BEREC, the European body of National Regulators for Electronic Communications, issued its Guidelines of interpretation of the Open Internet rules (EU Regulation 2015/2120). In implementing the Regulation in the UK, Ofcom will need to take “utmost account” of BEREC’s recommendations. Whilst the Guidelines do not impinge on the UK’s approach to the Open Internet, they build on the new BSG Open Internet Code of Practice, recently reviewed to reflect the requirements of the new EU rules.
Ofcom published last week a summary of responses to its April 2016 consultation on the design of the broadband universal service obligation (USO). The Government proposed last year to introduce a USO of 10Mbit/s available to all premises and tasked Ofcom to produce technical advice and recommendations to support its design. 115 responses to Ofcom’s call for inputs (CFI) were received, highlighting various perspectives and approaches to achieve universal decent broadband coverage in the UK.
A recent study (h/t Computer Weekly) on the economic impact of London’s superfast broadband connection voucher scheme shows that it could bring a £3bn boost to London SMEs within two years. Carried out by Adriot Economics, and supported by Point Topic, The Fifth Sector and Manchester University, the evidence comes from around 500 of the 12,000 London businesses who benefited from the scheme.
The SME Connection scheme was launched in late 2013 as part of the Super Connected Cities scheme. Despite some initial teething problems it quickly picked up speed, benefiting from an advertising push and a streamlined application process that included the ability to aggregate vouchers. When it closed in October 2015 55,000 vouchers – a one-off grant of up to £3000 – had been issued to SMEs in over 50 cities with over 700 suppliers taking part.
This report is the first to attempt to undertake an economic analysis of the scheme – something which the BSG called for in our Small Business Connectivity Requirements Report last year. London’s scheme allocated £18m over the two years with an average cost of £1,500. This resulted in an average speed increase from 15.9 Mbit/s to 86.6 Mbit/s. The range of services delivered can be seen in the graph:
In the short to medium term this resulted in increased efficiency and sales. It also resulted in productivity gains from staff time savings and increased ability for home and mobile workers. The report also identified longer term gains in terms of using this time to increase skills – and having better access to online courses.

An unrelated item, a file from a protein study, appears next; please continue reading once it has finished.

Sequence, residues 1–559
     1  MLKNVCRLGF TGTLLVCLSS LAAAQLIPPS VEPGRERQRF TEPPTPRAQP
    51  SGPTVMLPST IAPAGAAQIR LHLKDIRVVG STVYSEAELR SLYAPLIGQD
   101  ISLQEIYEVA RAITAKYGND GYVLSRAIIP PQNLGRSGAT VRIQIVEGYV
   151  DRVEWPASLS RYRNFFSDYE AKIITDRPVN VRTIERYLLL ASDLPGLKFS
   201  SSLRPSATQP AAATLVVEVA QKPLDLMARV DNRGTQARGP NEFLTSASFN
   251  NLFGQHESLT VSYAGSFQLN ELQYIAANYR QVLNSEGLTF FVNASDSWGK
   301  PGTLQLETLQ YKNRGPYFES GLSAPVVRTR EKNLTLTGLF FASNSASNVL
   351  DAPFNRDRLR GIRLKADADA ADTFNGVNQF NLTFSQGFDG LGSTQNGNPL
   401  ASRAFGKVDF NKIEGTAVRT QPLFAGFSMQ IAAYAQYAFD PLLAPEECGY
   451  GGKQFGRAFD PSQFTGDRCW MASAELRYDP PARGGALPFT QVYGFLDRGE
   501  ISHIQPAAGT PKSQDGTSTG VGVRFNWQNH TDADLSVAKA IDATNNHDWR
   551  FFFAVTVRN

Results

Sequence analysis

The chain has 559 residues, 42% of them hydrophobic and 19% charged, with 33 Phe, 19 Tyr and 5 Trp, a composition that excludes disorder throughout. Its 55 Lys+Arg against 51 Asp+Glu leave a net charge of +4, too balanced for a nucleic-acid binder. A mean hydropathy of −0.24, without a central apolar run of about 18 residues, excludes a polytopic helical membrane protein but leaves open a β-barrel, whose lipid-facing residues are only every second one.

On a conservative basis this should provide a boost of £3bn in the first two years and an additional £4bn over five years if the latent productivity gains are realised. In terms of Gross Value Added, the economic benefit is estimated to be £430m for Greater London and an additional 8,118 jobs. That’s an extremely impressive £23 GVA per £1 invested and a cost per job of £2,200.
The report doesn’t cover additional economic benefits such as those delivered to the suppliers, nor the extent to which it stimulated the market to deliver superfast broadband services (in fairness a non-trivial task).
Whilst the report was just focused on London and, by the author’s admission, survey results are still coming in – it does seem to beg the question of should Government have stopped the scheme when it did?
In fairness, Ed Vaizey made clear to the CMS Select Committee’s Inquiry into World-Class Connectivity he wanted the scheme to carry on – he was just unable to get the Treasury to agree. That’s not to say the scheme was perfect – whilst it was born out of the Super Connected Cities Programme, SMEs in rural areas would arguably benefit even more from such a scheme. But it was still a scheme that seems to be delivering economic benefits, popular amongst SMEs and broadly welcomed by the telecoms industry. With loud noises of industrial strategy and regions pushing the message that they are open for business, don’t be surprised if we see this revived in some form…
Urban Connectivity: The Demand and the Challenges
12 October 2016 10.00-17.00
techUK, 10 St Bride St, London, EC4A 4AD
The UK’s cities are determining factors in our economic well-being, helping to drive growth and create jobs. By their nature they require resilient, high capacity and high quality infrastructure. This applies to digital communication networks as much as it does to transport infrastructure. Indeed, it may shortly matter more.
The City of London Corporation published this week a standardised wayleave agreement which should accelerate negotiations between landlords and broadband providers when agreeing to install fixed line broadband connections. Waiting time for business tenants to access high-speed internet connections should be significantly shortened.
In February 2016, Ofcom published its initial conclusions on the Digital Communications review. Much of the review focused on the need for Openreach to improve the quality of service it delivers to its customers and strengthen Openreach’s independence from BT Group. Ofcom have today set out their detailed approach for how to do this, namely, constituting Openreach as a legal entity within BT Group, stressing however that the option of structural separation remains open in case changes aren’t deemed satisfactory.